By Sam Campbell |
I recently attended the Beyond Lepers and Leeches: Medieval and Early Modern Medicine conference* at the University of Edinburgh. My own subject area is what you might term ‘gay history’ – but I shan’t spend time here explaining the anachronistic and paradoxical complexities of the term (you’ll have to invite me to another conference for that!)- which is one of those subject that crosses into many areas of history. My research centres on court records, popular print, and sexual discourse, so it was more a coincidence that I happened to recently discover some medical texts at the time the call for papers was sent out. I sent in a proposal, my abstract was accepted, and I found myself putting together a paper on ‘Sexuality and Science: Sodomy and Early Modern Gay Cures’ (another anachronism, but one that is catchier than ‘Early Modern medicinal means of overcoming same-sex sexual attraction amongst men’!).
By the time of the conference a lot had changed. My partner and I were moving to London, and as he was starting a new job so it turned out that the only possible moving date was the day immediately after the conference. Prior to the conference I had been sent about five emails about my annual review (I didn’t know what this entailed, and I remain only a shadow of my former self since finding out) and was also due to meet my supervisor the same day my parents were visiting. As I am moving I also had to clear out my office and pack all of my things, whilst trying to finish the paper, make the most of the final week in (what was at the time) sunny Cumbria, sell a fridge-freezer and finish a pile of marking.
I had a feeling it was going to be busier than average week. Unfortunately my supervisor meeting went well, lulling me into a false sense of security. The next day the unspeakable happened; my partner and I went to the park! As I sat in the blazing sunshine overlooking Morecambe Bay I began to wonder about my paper. The beauty of the countryside was lost on me, too concerned with the horrific abomination my paper was surely becoming with every moment spent outside being a person. Fortunately it became overcast and we started to freeze, so hurried home where I could start hacking at my creation until it resembled a logical, easy to follow account of seventeenth century medicine.
In typical PhD student style my self-confidence and sense of worth oscillated with my mood and once a buyer contacted me about buying my fridge I suddenly felt as though the paper before me was a masterpiece. This good mood was maintained (with the help of some chocolate and productive writing) for another two days until Thursday evening. By this time, we were mostly packed, I had managed to remove any trace of review-related anxiety from my mind, I had picked up my train tickets (bank holiday trains meant a six hour return journey) and I generally felt quite positive about the conference, the move, and the fridge. It was then that I learnt the hard way that you cannot rely on a person who puts asterisks in their username, because the buyer pulled out.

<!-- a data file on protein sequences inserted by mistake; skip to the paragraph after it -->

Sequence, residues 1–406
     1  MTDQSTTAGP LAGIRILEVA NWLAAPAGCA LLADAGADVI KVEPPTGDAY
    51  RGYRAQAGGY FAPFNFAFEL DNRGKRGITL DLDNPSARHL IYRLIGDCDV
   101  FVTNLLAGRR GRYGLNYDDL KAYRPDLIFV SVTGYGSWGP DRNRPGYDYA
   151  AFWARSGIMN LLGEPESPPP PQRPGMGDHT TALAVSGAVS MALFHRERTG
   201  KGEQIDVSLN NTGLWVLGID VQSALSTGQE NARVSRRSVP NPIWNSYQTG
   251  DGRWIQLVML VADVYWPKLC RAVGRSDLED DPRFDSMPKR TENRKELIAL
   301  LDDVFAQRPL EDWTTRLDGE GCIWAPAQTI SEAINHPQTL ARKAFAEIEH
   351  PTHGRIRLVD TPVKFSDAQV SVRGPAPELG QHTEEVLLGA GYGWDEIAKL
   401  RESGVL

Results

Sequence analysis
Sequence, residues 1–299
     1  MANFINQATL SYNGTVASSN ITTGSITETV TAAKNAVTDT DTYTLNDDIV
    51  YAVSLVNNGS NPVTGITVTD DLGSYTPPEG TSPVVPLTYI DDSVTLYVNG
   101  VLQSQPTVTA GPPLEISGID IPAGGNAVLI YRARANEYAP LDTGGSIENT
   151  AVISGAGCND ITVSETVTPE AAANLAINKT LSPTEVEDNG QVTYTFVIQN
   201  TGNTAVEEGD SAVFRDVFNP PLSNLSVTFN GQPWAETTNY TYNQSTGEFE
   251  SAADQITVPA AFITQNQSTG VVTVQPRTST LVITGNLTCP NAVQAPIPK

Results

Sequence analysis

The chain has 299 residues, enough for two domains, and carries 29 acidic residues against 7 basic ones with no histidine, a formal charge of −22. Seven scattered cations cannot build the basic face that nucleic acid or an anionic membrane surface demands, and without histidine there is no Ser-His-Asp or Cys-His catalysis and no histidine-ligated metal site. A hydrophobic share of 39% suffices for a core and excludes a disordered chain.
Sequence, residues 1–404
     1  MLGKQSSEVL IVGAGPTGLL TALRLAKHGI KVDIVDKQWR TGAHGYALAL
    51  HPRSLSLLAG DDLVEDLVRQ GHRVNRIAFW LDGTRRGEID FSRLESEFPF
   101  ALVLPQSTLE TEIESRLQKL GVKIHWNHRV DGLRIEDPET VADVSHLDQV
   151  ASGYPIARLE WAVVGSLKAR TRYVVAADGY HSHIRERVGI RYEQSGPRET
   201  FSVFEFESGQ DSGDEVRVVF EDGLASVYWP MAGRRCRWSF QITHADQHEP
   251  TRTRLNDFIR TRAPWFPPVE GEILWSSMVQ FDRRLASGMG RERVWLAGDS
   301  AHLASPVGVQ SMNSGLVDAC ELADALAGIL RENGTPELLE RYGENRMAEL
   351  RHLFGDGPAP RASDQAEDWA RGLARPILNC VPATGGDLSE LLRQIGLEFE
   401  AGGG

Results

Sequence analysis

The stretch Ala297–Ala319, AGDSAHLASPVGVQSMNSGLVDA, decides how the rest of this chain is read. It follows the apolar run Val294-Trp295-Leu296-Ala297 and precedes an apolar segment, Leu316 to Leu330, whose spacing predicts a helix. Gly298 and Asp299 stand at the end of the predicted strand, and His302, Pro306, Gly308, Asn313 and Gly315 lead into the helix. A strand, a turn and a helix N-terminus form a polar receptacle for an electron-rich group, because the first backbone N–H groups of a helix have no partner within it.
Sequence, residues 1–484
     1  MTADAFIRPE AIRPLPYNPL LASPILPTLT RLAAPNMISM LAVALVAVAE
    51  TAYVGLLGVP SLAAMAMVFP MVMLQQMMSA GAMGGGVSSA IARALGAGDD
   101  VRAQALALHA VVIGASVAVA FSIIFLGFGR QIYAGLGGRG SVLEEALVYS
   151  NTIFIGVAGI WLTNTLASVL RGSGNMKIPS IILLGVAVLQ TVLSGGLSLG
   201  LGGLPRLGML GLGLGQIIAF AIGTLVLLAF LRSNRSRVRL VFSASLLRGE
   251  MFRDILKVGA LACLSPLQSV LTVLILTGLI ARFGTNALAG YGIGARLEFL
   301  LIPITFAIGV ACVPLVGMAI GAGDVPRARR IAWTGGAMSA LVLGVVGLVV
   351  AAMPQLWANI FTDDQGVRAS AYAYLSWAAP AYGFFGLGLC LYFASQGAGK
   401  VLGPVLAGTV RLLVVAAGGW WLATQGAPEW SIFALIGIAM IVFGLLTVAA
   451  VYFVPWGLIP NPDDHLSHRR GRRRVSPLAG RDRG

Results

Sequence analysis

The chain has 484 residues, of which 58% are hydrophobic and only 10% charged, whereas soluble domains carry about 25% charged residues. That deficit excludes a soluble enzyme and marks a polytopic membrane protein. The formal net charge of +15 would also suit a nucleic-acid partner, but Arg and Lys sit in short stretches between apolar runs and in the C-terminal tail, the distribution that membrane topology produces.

Friday came, I had my paper printed and my bag packed for Edinburgh. By this point I had managed to stop worrying about the conference. The train to Edinburgh was pleasant, and felt very short. I am good friends with a PhD student at the university so was looking forward to seeing her and relaxing a little. After an Italian and a bottle of Prosecco it was conference day, thanks to a mixture of speaking in the afternoon and being distracted by some very interesting papers, I was able to stave off any nerves until I sat down with my panel. Both of them turned to me and said they were really looking forward to hearing me speak, as it sounded like an interesting paper. I was encouraged by their kind words, and didn’t really feel the nerves until I stood up to talk. Once I was in the swing of things, I don’t think anyone could tell I was nervous – or at least I hoped they couldn’t and I was reassured by a sea of interested looking faces.
Because of my travel arrangements I had to leave the conference before the final panel, but I was able to stay for the Q&A and was encouraged by the range and number of good and thoughtful questions people had about my paper. Afterwards I retreated to the break room for some brain cake (you read that correctly) and was quite overwhelmed by the enthusiastic response to my paper – I was struck between not wanting to miss my train and being approached by people with compliments and questions about my research.
For anyone who like me, found themselves doubting their research, getting to a conference and sharing it will show you how interested and enthusiastic people are about what you have to share. Clearly the stars had aligned themselves in my favour that day, as I finished the marking on the train and when I got back to Lancaster at about ten to midnight found the van had been packed up, and by some strange miracle the fridge gone. So in true Aesopian manner, I would like to finish with a quote: ‘You don’t drown by falling in the water. You drown by staying there.’
(Still worrying about my annual review – but the move went well!)
Sam Campbell is a first year PhD student at the University of Lancaster studying the interpretation of sodomy and pre-modern sexual identity in England. Follow him on Twitter @Samochist.
*Beyond Leeches and Lepers was funded by The British Society for the History of Science, The Society for Renaissance Studies and the University of Edinburgh Student Lead Initiative Fund.
(Image 1: commons.wikimedia.org; Image 2: © Helen Smith)